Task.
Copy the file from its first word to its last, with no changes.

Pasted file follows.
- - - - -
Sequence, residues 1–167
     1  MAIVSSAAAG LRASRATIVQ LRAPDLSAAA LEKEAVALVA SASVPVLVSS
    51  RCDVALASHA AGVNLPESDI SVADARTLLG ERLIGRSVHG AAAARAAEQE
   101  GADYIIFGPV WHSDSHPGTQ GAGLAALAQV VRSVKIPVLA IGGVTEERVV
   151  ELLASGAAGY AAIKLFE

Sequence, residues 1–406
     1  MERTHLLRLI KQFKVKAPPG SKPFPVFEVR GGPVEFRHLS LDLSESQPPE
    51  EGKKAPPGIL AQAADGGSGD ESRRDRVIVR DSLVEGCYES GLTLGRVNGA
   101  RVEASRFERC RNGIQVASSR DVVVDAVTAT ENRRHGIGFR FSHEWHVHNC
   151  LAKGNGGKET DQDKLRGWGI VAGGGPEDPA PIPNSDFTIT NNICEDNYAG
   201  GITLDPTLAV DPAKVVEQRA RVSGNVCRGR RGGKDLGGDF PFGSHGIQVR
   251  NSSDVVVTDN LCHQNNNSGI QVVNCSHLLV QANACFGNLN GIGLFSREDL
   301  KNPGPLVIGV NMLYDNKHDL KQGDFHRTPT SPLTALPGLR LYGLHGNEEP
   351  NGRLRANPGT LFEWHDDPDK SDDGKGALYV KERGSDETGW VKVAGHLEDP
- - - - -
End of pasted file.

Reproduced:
Sequence, residues 1–167
     1  MAIVSSAAAG LRASRATIVQ LRAPDLSAAA LEKEAVALVA SASVPVLVSS
    51  RCDVALASHA AGVNLPESDI SVADARTLLG ERLIGRSVHG AAAARAAEQE
   101  GADYIIFGPV WHSDSHPGTQ GAGLAALAQV VRSVKIPVLA IGGVTEERVV
   151  ELLASGAAGY AAIKLFE

Sequence, residues 1–406
     1  MERTHLLRLI KQFKVKAPPG SKPFPVFEVR GGPVEFRHLS LDLSESQPPE
    51  EGKKAPPGIL AQAADGGSGD ESRRDRVIVR DSLVEGCYES GLTLGRVNGA
   101  RVEASRFERC RNGIQVASSR DVVVDAVTAT ENRRHGIGFR FSHEWHVHNC
   151  LAKGNGGKET DQDKLRGWGI VAGGGPEDPA PIPNSDFTIT NNICEDNYAG
   201  GITLDPTLAV DPAKVVEQRA RVSGNVCRGR RGGKDLGGDF PFGSHGIQVR
   251  NSSDVVVTDN LCHQNNNSGI QVVNCSHLLV QANACFGNLN GIGLFSREDL
   301  KNPGPLVIGV NMLYDNKHDL KQGDFHRTPT SPLTALPGLR LYGLHGNEEP
   351  NGRLRANPGT LFEWHDDPDK SDDGKGALYV KERGSDETGW VKVAGHLEDP